The 43 year-old viaduct, which carries the existing A14 over the railway line and local roads currently dominates the skyline near the Huntingdon train station. Removing it, and creating link roads to and from the old A14, is an important part of the A14 Cambridge to Huntingdon scheme, which is upgrading 21 miles of the A14 to three lanes in each direction, including a brand new bypass south of Huntingdon.
The plans will enable a major redesign of the Huntingdon train station area. A new public transport hub will be created, with bus stops conveniently located for the railway station. Removing the viaduct will also reduce noise and air pollution and will facilitate further improvements in Huntingdon town centre.
Main construction work is expected to start in 2019.
Chris Bayliss, A14 project manager at Highways England, said:
Work to upgrade the A14 between Cambridge and Huntingdon is progressing well and we are on schedule to open the new road to traffic by the end of 2020.
The Huntingdon viaduct was built in 1975, and removing it will create new opportunities for Huntingdon. Once the new A14 is open to traffic, the old A14 will become a local road. The plans we are sharing today will make it even easier for people to travel around, as well as in and out of, Huntingdon.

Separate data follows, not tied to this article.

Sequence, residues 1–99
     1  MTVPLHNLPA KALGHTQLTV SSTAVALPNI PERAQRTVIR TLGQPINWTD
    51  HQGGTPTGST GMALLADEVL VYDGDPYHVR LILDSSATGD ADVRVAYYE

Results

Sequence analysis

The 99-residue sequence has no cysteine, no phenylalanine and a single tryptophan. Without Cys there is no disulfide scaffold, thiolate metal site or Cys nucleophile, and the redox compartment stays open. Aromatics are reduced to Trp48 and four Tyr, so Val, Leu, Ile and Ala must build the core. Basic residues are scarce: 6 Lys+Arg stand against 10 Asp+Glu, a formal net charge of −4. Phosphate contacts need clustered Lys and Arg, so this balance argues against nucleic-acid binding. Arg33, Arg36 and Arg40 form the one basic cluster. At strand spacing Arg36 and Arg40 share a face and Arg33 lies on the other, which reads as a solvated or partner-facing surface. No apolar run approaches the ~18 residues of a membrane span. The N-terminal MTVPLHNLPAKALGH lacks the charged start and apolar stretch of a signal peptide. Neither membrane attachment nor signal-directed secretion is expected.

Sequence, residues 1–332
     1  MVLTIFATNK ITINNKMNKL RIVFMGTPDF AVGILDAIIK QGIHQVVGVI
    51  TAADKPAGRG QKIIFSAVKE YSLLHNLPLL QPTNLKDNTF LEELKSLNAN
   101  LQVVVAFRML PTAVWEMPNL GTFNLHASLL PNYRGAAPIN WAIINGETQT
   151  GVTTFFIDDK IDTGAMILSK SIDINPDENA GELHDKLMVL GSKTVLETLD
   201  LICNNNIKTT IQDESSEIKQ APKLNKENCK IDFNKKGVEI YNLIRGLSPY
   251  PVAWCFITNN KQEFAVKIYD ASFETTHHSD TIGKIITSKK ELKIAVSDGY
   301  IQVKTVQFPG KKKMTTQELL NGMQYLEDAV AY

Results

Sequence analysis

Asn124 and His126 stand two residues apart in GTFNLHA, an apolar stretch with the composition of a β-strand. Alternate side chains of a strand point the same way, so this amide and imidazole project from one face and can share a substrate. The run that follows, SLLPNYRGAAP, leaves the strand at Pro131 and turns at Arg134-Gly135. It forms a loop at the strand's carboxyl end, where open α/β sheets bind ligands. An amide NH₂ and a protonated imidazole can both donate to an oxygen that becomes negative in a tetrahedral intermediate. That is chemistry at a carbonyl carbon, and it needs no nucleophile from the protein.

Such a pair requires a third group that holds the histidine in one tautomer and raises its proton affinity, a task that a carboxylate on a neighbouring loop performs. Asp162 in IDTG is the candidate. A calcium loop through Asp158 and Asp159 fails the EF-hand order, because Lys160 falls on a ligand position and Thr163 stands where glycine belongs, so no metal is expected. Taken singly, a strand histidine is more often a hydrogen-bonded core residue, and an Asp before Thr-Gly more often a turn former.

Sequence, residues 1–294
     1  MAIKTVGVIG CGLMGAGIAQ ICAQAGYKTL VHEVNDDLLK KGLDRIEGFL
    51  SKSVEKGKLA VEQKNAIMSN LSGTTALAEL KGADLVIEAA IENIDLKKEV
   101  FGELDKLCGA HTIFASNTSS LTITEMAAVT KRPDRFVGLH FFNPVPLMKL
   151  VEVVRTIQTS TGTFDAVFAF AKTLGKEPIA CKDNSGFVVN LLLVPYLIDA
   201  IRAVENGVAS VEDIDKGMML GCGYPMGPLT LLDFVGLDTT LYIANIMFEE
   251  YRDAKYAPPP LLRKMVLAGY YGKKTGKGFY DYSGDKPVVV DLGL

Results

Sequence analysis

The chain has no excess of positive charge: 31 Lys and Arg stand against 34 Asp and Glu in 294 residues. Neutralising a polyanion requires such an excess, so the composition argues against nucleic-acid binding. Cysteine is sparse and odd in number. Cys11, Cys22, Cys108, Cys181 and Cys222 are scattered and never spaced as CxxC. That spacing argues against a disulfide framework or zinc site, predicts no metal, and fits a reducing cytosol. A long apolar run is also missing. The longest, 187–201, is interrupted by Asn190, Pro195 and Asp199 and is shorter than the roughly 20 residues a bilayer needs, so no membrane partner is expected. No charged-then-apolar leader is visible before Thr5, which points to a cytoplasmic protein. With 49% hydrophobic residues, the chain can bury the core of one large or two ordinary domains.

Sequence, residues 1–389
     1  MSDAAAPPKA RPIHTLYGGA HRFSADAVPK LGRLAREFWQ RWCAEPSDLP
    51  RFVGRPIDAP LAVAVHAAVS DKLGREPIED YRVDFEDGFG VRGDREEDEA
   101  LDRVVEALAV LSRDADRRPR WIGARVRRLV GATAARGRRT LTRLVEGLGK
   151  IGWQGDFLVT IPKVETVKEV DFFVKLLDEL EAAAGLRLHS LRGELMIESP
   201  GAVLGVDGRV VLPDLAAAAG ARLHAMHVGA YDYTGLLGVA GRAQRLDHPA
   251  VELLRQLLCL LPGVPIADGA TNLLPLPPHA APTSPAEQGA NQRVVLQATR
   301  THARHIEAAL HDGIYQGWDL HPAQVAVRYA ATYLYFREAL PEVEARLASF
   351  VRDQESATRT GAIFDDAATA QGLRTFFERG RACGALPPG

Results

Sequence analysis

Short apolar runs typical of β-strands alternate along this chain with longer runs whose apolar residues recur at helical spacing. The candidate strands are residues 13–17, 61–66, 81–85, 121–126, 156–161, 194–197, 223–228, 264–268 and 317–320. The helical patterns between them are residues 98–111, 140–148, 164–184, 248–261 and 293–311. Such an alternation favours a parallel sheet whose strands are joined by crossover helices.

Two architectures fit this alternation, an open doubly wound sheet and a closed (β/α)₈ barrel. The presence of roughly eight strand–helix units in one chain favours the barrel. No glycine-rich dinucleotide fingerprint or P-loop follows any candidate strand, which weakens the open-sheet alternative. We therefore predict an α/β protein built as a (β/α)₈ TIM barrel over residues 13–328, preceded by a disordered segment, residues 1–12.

We are holding six public events this June and encourage people to come see us for a chat and find out more about these exciting plans!
To find out more about the work in Huntingdon people are invited to come along to one of the events - details can be found on the scheme webpage.
The £1.5bn A14 upgrade will add additional capacity, boost the local and national economy and cut up to 20 minutes off journeys.
The main construction work at Huntingdon will include a new Mill Common link road, the removal of the A14 viaduct and work around the train station, and a new Views Common link road. Preparatory work, such as archaeology and utility diversion, will start ahead of main construction work.
The A14 Cambridge to Huntingdon archaeology team is calling for volunteers to take part in a free summer community dig programme between 24 July and 25 August 2018.
This is a once in a lifetime chance for people to take part in one of the largest archaeological excavation projects ever undertaken in Britain.
Volunteers will work alongside archaeology experts from the A14 archaeology team and its contractors MOLA Headland Infrastructure, exploring evidence of industrial activity relating to the abandoned medieval village of Houghton, near Huntingdon, as well as Iron Age and Roman remains.
Each volunteer must be able to commit to five (not necessarily consecutive) days of excavation from 9am to 4pm.
To apply, email firstname.lastname@example.org before 25 June 2018, stating your preferred days.
For the latest information about the A14 Cambridge to Huntingdon improvement scheme, including job and training opportunities, visit the scheme webpage follow @A14C2H on Twitter and like our Facebook page.
Members of the public should contact the Highways England customer contact centre on 0300 123 5000.
Journalists should contact the Highways England press office on 0844 693 1448 and use the menu to speak to the most appropriate press officer.